Farm safety workshops depend upon the support and assistance of many people and organizations. After the workshop, remember to recognize and thank those individuals and groups for the support they provided.

"Thank You" Notes

The most effective way to recognize and express appreciation to those individuals or organizations who assisted with a program is to send them a "Thank You" note. Send notes as soon after the workshop as possible. Include everyone who assisted with the program, such as members of the organizing committee, sponsors, or speakers. A simple, personal handwritten message will often have more meaning to the receiver than a formal letter, particularly a "form letter," typed on fancy stationery. Personal thank-yous sent by program participants are another excellent means of showing appreciation to workshop sponsors.

Media Announcements

Publicly recognizing sponsors and helpers is often appropriate, particularly if your workshop is sponsored by local businesses. Submitting a short thank-you note that lists the program contributors in the local newspaper is an excellent method of providing this public recognition. Businesses or organizations will generally be more willing to assist with future service-oriented projects if they receive positive public exposure for their contribution.



Evaluations offer a means of measuring the success of a farm safety workshop. Participants completing an evaluation at the conclusion of a program can express what they liked or disliked about the program, and offer suggestions and ideas for future events.

In a limited sense, evaluations can also provide an indication of the impact of the workshop. If designed properly, an evaluation may provide information about participants' attitudes, or their intentions to make improvements or change safety practices. It should be noted that changes in attitude, and particularly changes in actual behaviors, are difficult to measure. It is recommended that you consult with a safety education specialist when developing an evaluation for this purpose.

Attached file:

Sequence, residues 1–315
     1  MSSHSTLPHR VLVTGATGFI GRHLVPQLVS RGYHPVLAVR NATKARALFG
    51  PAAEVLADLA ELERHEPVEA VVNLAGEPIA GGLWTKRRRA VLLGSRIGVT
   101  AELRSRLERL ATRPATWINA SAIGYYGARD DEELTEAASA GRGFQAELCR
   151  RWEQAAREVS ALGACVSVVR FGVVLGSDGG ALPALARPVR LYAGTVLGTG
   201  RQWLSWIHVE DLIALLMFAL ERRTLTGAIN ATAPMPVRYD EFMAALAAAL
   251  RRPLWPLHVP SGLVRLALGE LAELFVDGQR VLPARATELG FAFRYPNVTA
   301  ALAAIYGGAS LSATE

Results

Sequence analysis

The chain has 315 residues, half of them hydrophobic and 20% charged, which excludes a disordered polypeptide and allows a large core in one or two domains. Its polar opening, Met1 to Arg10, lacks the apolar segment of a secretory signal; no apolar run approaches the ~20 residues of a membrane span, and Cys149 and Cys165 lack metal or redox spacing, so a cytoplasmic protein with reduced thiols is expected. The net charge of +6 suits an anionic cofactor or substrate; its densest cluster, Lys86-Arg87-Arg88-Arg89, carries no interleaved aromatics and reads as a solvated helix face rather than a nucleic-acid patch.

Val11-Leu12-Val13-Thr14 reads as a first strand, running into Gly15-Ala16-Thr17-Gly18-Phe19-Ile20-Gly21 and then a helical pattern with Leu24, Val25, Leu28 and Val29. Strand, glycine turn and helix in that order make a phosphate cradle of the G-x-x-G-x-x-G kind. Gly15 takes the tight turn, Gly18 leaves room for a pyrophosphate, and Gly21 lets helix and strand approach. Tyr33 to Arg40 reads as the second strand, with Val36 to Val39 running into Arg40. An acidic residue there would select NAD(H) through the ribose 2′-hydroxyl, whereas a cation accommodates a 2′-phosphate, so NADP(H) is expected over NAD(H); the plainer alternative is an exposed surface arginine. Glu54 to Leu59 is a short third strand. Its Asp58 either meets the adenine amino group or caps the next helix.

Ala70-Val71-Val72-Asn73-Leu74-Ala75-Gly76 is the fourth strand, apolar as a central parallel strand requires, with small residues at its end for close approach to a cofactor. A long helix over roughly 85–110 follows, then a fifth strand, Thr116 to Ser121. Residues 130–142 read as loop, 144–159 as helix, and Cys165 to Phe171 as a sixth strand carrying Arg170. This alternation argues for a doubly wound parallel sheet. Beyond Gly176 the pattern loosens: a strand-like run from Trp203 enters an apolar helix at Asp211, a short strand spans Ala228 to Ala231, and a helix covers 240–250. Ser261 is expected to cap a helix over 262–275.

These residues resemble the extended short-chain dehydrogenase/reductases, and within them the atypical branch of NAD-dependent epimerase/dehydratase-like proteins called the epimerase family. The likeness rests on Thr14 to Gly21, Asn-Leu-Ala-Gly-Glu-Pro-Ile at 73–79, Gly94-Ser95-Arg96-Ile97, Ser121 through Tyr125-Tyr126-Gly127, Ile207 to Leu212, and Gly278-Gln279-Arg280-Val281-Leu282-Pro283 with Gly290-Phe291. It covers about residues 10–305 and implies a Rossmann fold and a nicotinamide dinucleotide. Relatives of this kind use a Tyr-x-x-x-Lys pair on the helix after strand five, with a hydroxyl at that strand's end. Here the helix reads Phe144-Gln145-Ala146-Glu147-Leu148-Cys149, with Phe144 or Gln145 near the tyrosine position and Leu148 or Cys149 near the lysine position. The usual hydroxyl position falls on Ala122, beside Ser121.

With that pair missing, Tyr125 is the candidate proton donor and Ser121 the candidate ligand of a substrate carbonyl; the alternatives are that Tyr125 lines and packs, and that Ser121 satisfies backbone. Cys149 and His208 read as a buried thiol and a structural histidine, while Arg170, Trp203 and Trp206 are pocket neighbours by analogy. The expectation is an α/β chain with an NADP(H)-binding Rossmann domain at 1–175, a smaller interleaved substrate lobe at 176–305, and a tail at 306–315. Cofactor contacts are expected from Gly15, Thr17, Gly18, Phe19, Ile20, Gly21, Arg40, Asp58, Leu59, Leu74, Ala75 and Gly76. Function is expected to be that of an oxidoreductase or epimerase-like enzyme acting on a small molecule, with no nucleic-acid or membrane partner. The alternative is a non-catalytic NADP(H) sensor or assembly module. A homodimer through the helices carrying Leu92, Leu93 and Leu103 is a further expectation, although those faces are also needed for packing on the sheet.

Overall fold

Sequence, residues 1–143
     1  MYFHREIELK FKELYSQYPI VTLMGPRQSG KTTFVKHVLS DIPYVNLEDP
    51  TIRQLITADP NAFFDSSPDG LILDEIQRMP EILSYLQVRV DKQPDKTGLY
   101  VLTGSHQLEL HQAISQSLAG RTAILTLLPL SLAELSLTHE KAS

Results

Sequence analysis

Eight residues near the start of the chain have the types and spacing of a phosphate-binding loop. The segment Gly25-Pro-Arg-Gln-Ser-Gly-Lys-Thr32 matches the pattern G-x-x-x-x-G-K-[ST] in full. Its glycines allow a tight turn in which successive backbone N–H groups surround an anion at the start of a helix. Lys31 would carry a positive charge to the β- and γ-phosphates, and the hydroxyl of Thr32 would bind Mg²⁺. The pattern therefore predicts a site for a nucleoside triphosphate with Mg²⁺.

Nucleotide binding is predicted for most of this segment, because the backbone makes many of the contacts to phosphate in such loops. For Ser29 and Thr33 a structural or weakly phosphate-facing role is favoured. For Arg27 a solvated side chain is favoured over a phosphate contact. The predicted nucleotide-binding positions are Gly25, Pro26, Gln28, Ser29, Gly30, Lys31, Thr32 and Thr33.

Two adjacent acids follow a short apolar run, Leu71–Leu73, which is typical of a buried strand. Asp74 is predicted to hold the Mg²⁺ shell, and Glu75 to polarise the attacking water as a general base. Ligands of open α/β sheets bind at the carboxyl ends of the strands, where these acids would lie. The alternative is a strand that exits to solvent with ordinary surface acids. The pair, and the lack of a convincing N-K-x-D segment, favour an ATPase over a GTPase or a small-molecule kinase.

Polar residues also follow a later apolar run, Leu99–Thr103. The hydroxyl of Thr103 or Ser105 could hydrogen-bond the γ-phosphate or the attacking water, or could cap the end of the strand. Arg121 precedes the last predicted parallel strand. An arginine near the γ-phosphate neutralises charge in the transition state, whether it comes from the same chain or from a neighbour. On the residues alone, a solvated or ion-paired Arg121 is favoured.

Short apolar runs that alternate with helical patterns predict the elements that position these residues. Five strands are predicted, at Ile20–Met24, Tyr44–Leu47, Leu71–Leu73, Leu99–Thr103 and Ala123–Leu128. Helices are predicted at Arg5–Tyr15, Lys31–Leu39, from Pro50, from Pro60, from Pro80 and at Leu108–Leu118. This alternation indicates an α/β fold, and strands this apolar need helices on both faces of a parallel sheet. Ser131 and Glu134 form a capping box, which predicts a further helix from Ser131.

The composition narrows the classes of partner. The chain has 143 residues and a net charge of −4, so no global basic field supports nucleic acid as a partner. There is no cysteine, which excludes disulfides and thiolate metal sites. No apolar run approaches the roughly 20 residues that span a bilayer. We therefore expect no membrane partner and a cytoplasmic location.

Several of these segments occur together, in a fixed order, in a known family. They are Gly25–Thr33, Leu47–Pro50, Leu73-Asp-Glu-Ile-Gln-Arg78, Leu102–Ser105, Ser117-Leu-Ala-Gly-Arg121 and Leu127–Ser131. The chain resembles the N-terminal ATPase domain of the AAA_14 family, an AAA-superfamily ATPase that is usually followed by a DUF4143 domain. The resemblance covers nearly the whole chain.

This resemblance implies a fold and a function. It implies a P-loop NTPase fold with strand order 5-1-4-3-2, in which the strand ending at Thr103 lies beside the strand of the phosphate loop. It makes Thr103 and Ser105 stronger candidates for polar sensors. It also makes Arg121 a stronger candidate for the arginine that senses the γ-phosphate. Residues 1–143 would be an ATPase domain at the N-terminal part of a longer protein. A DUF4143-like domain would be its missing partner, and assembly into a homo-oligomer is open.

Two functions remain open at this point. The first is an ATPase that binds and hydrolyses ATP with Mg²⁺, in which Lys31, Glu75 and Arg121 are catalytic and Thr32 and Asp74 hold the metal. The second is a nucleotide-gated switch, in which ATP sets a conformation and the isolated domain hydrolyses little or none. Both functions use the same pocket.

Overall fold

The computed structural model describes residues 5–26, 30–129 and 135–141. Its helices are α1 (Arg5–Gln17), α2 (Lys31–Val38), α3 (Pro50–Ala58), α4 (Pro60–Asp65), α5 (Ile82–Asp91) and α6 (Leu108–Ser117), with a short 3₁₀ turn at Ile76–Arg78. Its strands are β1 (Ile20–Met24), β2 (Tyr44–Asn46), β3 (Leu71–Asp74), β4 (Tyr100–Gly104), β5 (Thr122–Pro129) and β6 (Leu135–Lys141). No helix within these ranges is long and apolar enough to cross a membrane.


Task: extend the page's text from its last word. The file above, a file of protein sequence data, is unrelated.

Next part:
Preparing the Evaluation Form

The most effective evaluations are those that are easy for the participants to complete. An evaluation form that allows individuals to grade or rank each segment of the workshop on a simple scale should provide enough feedback to indicate which portions of the program were most successful. Always invite participants to offer suggestions for improving future workshops.

To view PDF on Sample Evaluation Form (p51, PDF)


Sample Farm Safety Lessons and Demonstrations

53 Sample Farm Safety Lessons and Demonstrations

The following short demonstrations can be used to provide valuable information for all types of farm safety programs. Most utilize some type of simulation to illustrate the principles involved when "accidents" occur.

The lessons can be adapted for audiences of any age group, and require only a minimum of equipment and expense. You need not be an "expert" presenter to present these demonstrations. Each of the following lesson outlines provides instructions for conducting the demonstration, and lists key points and questions to help promote discussion among members of the audience.

Two lesson outlines are provided for demonstrations in each of the following general topic areas:

* Tractor Safety

* Power Take-Off (PTO) Safety

* Grain Handling Safety

* Pesticide Safety

* Emergency Response

Tractor Safety